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Cycles Of Orbit: Rockfort Interviews Velour Modular
David McKenna , May 2nd, 2014 08:10

In our latest French music column, David McKenna meets London-based techno-mystic Velour Modular to discuss William Blake, a childhood spent in many cities, and the mysteries of scale

Before meeting Annabelle Guilhem, I spent a while puzzling over the lyrics of her debut EP, Capsule, as Velour Modular (or as the constant half of Velour Modular, anyway). "Darkness is the universe, we will be the light, one torch of fire and we will march on the night…" "Here we are, chaos, nuclear." I'm apparently not the first interviewer to have done this.

"It's quite surprising that people ask me a lot about the meaning of the lyrics," Guilhem remarks.

Ok, well I'm going to do it anyway. The production on the EP (from London-based Spanish producer Hektagon) bridges dubstep, drum and bass, post-rock guitars and electro pop, and has arrived with a press release where sci-fi, numerology and mythology all get a look-in. Turning it over for a while, I decided that 'techno mysticism' might be a useful term, an entry point into Guilhem's Capsule if nothing else. So, Annabelle, what do you reckon?

"I think that fits well," she reflects, "but there's something that's a little beyond me, if I'm honest, which is that a lot of people have mentioned this 'mystical' aspect, paganism as well, but it wasn't really my intention. When people ask me about numerology they say that you've gone for something really mystical, abstract and so on. But for me it's very logical, it's a structure, because when I said to myself that I wanted to make an EP, I thought that I have to make four or five tracks, [and] I asked myself what the songs would be about - would I write about love, the basic things that everyone writes about... But it's a bit like training in drawing, the visual arts, even philosophy, it works like that - you're given a theme and you have your constraints, you explore them and try to develop something out of that. So I thought about, that: I have four songs, what does four mean, I went looking for the particular symbolism."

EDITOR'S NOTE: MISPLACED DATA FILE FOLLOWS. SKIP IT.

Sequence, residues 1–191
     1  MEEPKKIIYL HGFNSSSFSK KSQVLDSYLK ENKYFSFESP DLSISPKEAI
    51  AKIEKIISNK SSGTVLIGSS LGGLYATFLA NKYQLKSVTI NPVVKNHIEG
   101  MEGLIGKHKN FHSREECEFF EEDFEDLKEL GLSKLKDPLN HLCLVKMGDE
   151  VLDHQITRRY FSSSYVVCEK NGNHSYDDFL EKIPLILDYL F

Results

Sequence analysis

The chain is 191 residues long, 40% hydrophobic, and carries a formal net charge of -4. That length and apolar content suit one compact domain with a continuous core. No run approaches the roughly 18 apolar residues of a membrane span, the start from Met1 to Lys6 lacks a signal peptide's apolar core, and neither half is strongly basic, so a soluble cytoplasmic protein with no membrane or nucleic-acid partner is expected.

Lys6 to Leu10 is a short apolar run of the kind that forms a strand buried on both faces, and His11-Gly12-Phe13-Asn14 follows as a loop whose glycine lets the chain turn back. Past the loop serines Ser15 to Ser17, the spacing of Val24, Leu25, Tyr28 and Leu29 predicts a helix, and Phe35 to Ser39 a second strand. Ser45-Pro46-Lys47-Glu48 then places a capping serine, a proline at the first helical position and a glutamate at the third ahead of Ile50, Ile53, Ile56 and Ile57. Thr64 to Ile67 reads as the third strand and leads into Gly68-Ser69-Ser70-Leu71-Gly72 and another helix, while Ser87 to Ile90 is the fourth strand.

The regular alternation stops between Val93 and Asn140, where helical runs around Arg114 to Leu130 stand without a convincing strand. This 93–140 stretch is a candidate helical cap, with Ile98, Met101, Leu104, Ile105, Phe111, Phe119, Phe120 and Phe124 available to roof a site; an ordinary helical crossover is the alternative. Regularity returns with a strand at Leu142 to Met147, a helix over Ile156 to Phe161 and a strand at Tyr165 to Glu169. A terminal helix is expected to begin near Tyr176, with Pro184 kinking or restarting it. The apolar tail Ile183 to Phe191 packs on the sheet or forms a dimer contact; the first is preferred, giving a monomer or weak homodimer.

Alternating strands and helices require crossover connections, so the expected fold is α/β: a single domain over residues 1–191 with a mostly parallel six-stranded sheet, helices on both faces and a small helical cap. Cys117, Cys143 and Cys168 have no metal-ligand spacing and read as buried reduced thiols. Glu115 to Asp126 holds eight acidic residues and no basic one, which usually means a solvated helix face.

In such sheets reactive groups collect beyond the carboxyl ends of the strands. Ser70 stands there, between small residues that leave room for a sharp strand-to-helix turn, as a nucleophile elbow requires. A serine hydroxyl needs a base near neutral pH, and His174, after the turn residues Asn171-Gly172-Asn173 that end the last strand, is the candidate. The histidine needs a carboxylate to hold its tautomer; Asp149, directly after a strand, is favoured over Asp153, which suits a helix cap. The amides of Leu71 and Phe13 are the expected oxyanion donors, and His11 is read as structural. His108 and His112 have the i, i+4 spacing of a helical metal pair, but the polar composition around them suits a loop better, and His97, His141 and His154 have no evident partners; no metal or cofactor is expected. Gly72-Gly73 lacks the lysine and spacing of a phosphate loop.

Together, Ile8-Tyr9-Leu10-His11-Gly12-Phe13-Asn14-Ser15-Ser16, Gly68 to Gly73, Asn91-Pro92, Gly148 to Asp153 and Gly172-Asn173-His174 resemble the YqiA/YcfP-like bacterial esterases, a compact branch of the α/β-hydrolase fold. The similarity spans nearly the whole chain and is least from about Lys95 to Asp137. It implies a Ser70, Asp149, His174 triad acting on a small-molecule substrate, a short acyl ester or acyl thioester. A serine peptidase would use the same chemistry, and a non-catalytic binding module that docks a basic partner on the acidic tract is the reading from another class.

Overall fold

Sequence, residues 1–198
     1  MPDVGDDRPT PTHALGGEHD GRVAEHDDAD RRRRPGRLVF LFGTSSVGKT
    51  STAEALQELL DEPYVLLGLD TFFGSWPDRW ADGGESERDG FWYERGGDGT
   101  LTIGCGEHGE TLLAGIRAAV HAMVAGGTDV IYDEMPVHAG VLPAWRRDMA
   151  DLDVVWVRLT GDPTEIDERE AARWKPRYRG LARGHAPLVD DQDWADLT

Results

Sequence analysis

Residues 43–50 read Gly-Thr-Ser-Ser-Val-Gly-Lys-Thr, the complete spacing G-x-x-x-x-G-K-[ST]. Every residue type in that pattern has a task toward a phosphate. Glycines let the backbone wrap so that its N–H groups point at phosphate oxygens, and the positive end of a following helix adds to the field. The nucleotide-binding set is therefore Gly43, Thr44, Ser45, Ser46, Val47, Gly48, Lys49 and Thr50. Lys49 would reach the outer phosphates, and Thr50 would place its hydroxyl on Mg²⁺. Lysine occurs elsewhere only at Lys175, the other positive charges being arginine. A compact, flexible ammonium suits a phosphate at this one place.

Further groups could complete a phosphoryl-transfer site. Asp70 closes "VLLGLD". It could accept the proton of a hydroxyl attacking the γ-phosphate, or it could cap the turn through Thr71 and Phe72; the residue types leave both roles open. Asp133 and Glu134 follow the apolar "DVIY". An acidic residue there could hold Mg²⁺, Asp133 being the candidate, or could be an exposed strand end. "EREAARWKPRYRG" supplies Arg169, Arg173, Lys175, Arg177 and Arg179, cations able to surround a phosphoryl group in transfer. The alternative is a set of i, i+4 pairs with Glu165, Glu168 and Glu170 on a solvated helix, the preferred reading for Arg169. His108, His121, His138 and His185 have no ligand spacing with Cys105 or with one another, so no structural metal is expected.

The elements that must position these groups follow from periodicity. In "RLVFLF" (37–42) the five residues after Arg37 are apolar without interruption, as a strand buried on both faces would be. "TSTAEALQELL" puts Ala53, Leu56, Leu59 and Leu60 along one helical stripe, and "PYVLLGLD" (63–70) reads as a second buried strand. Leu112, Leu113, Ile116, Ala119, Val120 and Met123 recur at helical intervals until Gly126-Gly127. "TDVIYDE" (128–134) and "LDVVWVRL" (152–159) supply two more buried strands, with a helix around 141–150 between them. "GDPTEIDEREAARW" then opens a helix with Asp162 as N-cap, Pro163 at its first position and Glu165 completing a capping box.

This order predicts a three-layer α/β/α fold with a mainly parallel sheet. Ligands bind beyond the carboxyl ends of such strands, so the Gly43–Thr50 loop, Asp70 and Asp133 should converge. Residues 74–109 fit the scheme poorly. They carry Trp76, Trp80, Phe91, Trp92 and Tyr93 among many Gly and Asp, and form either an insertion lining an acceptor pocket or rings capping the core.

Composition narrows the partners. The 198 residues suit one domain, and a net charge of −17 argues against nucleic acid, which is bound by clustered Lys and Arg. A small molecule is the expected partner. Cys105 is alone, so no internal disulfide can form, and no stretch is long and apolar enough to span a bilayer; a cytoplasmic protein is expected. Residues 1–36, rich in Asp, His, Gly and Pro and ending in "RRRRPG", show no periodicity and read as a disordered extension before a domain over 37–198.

So numerology wasn't something you were too aware of before?

Annabelle Guilhem: Oh well yes, actually [laughs]. I grew up with a mother who was a real hippy, in ashrams, even places that are considered sects in France, centres of meditation. So naturally these are things that I have some kind of affinity for, but at the same time I didn't say that as a musician. For example, I hate people – no, I don't hate them, that's pretty strong - but I don't like musicians that try to act as if they're shamen of some kind, I find it irritating.

You want to appear normal.

AG: Often people do the opposite – they develop an outlandish image and then talk about everyday experiences: I met this guy, I met this girl. For me it was more about a challenge – I'll take the number one, the number four - that's the four seasons and so on.

Velour Modular - Forward from Cristian Straub on Vimeo.

So what's this evolution over four phases, is it of humanity, of a particular being?

AG: No it's not the evolution of humanity, it's – how can I put it – it's a cycle that repeats every time, like the four seasons: birth, youth, maturity and death, or like the Lagrangian points where, when a satellite orbits the earth, there are four or five points where it's really stable, where it will stay fixed. So it's this idea that these are the only things we can be sure of, the stages of life. So I said "Ok, I'll run with it". The tracks are in the order they were made too, so the first track is tentative, trying to figure out with Hector [Hektagon] how we were going to work together. I'd given myself this rigid constraint with the numbers, but then I found more and more elements that I started layering over the others so that eventually every song had this hybrid identity. It's stupid but I kept putting up these barriers for myself to overcome, for example at one point I said to myself – and it's absurd – in alexandrines [12-syllable lines]. But in English too!

Did you actually do that?

AG: Yes! But it's crazy. It's because I did theatre for six years, I've directed – I don't know, I was looking for structures for writing. But after I'd decided on that it did my head in.

But obviously it pushes you in unexpected directions...

AG: Exactly, and the thing is with all these elements, which don't have... which are more about my obsession at a particular moment rather than having a coherent meaning. So when you ask if this is an expression of my beliefs then no, it's not something I'm entirely invested in either. I'm not in any way political, it's not in any way about faith... it's still personal, of course. But I've also hidden myself a fair bit as well. All these structures and references are a way of holding something back, being discreet, and at the same time there's a complete lack of discretion because I put in almost everything I'd learned.

Is the pop form a constraint for you as well?

AG: Well I can say that it won't be like that for the second EP. Because it's not with the same person. But it was a constraint, because I'd never thought about making pop music before.

How did it work between you and Hector then? Who did what?